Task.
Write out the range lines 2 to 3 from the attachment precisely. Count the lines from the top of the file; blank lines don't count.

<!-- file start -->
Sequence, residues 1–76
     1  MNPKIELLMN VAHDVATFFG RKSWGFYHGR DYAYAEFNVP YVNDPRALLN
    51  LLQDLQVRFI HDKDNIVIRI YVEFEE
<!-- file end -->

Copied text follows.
     1  MNPKIELLMN VAHDVATFFG RKSWGFYHGR DYAYAEFNVP YVNDPRALLN
    51  LLQDLQVRFI HDKDNIVIRI YVEFEE